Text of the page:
Planning for Vegetables and Pictures of Chickens

The seeds are arriv­ing and slowly pil­ing up in the cor­ner of my room. Mean­while, I’ve been try­ing to fig­ure out what to do with them. In order to orga­nize the infor­ma­tion about each plant and get ready to make a full plant­ing sched­ule I’ve been putting together spread­sheets. I have a page for each veg­etable and then I list all the vari­eties sep­a­rately. Then, using the Johnny’s cat­a­log, the Cor­nell Coop­er­a­tive Exten­sion web­site and Coleman’s The New Organic Grower, as well as a cou­ple of other sources, I’ve been com­pil­ing impor­tant grow­ing information. 
First of all, I have to fig­ure out what veg­eta­bles I’m going to start inside and then trans­plant, and what veg­eta­bles I’m going to seed directly into the gar­den. Some veg­etable plants really have to be started inside, like the bras­si­cas (cau­li­flower, broc­coli, brus­sel sprouts and cab­bage) and night­shades (toma­toes, egg­plants, pep­pers). Luck­ily, the woman who owned Dave’s par­ents house before them had a cut flower busi­ness, and so she built a small green­house off the garage. 
The green­house, the wind­mill and the sun this morning
The green­house really warms up dur­ing the day. Even in the mid­dle of the win­ter I often have to open a win­dow to stop the tem­per­a­ture inside from sky­rock­et­ing past 90 degrees F
So far I’ve just been grow­ing let­tuce, kale, swiss chard and bak choy in the green­house. Dave built me some tables and boxes, about 6″ deep and of var­i­ous sizes, and I was able to grow a fair amount of small, yet deli­cious, greens over the win­ter. This week how­ever, I’m going to be pulling all the soil and the boxes out of there so we can start fresh with our new pot­ting soil and trans­plants for the Spring. 
Next, I have to deter­mine whether or not I’m going to be suc­ces­sion seed­ing the veg­eta­bles and, if so, how many times. For exam­ple, I’m grow­ing 100′ (one row) of a vari­ety of car­rots called Scar­let Nantes. These car­rots will grow from May 1st to July 15th, which is about 12 weeks. Dur­ing those 12 weeks I’m going to want to be plant­ing new seeds directly into the gar­den (car­rots are dif­fi­cult to trans­plant on account of their roots becom­ing irreg­u­lar, plus they grow pretty quickly) every 3 weeks to ensure that I have a con­sis­tent sup­ply of new growth. This means that I’m going to be doing at least 4 plant­i­ngs, and so there­fore each plant­ing will involve seed­ing 25′ of the garden.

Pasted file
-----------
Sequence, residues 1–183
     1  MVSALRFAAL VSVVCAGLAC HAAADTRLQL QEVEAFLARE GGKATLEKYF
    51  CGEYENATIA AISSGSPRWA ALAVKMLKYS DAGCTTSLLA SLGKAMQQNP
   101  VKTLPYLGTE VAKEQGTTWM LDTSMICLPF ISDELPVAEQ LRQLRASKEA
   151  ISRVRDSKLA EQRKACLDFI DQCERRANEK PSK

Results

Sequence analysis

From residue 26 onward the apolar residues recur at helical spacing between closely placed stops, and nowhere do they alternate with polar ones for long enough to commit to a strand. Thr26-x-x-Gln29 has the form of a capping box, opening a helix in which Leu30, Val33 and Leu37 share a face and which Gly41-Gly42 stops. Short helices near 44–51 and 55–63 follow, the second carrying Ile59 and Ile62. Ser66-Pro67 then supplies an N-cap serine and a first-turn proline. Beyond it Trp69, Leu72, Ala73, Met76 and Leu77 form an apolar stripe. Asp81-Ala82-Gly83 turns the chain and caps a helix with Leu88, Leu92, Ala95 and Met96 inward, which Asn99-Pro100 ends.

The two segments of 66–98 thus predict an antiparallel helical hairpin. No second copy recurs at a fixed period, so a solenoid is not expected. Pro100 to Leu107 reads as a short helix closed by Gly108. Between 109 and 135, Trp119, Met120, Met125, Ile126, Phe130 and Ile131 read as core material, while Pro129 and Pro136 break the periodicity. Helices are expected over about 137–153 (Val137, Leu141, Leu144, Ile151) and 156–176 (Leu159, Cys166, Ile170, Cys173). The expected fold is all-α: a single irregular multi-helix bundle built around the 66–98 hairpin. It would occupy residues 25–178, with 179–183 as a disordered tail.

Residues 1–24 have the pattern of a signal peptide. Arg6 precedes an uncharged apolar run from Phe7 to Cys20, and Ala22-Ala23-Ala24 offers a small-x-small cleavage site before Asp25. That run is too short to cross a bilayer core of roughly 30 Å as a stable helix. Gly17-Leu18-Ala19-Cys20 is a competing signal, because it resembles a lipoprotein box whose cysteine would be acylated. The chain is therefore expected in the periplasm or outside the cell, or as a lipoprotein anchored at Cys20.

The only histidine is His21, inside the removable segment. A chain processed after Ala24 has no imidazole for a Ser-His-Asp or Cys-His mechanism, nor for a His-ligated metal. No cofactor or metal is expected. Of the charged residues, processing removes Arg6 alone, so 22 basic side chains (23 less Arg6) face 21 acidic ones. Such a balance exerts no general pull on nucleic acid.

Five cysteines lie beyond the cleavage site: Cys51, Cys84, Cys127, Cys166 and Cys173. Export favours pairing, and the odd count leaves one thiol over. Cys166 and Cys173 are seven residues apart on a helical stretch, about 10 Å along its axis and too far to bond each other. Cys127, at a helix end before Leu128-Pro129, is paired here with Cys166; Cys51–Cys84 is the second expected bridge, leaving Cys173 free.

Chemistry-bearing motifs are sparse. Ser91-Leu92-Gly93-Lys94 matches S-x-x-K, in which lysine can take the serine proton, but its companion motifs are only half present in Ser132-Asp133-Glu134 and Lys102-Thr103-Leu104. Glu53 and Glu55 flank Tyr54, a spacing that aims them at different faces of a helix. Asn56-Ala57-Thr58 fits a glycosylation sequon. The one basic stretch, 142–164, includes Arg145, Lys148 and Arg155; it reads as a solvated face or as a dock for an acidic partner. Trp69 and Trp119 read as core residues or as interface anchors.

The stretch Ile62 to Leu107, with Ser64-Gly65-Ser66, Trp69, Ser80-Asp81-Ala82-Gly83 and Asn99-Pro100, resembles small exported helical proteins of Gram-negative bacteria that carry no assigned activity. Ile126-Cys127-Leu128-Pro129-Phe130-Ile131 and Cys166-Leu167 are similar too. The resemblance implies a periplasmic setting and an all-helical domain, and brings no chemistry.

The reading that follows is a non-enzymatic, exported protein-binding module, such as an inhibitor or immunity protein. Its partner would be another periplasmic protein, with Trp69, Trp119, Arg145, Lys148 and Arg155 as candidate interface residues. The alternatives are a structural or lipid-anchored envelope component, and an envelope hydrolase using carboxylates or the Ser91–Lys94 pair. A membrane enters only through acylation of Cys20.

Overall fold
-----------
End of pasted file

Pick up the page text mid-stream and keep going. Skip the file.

This is all get­ting bor­ing so I’ll just show an example. 
Each veg­etable has it’s own sheet. After I’m done with the sheets I’m going to lay it all out on a MASTER cal­en­dar so I know exactly when I’m going to be plant­ing every­thing, and how. Pretty excit­ing, right?
Mean­while, there are a lot of other things to think about. Right now, I’m wor­ried because we keep hear­ing more and more about how wet the land we’re plan­ning on plant­ing on is. We haven’t really looked at it crit­i­cally with­out the snow and so we’re not sure what to expect. The mois­ture could be an issue because we have to wait for the area to dry off in the Spring before we can even till the land, and with all the snow out­side right now it doesn’t seem like it’s ever going to be dry. All this prob­a­bly means that we’re going to get a late start this year, and are going to have to rely heav­ily on transplants.
Right past those trees and under all that snow is the site of our future veg­etable garden
Alright, enough about the gar­den. Here’s some pic­tures of chickens!
This is the chicken coop for layers
Their yard. I put down some hay so they can come out and walk around on the snow which they seem to love until they get too cold
And here they are!
Lay­ing boxes
Right now we have 9 lay­ing hens and we’re plan­ning on bump­ing up the num­ber to 30 this Spring, which is about as many as we can fit in this chicken coop while still mak­ing sure they all have enough space. That’s going to involve build­ing a cou­ple more lay­ing boxes, although right now they all insist on using the box all the way to the right, and have kicked all the hay out of the other two. 
The hen in the lay­ing box in this pic­ture appears to have gone broody in the last cou­ple of days, which means that she’s become intent on sit­ting on her eggs day in and day out, even if it means that she doesn’t eat or drink. This is also a prob­lem because our deli­cious eggs are going bad under­neath her. I’ve been read­ing about sev­eral ways to cure brood­i­ness, every­thing from dip­ping their stom­ach in cold water (I don’t think that’s a good idea in the mid­dle of Win­ter) to putting them in a cage by them­selves up off the ground and away from the nest. I’ll report back later on how this prob­lem pro­gresses and how we man­age to solve it. If any­one has any ideas, let me know.

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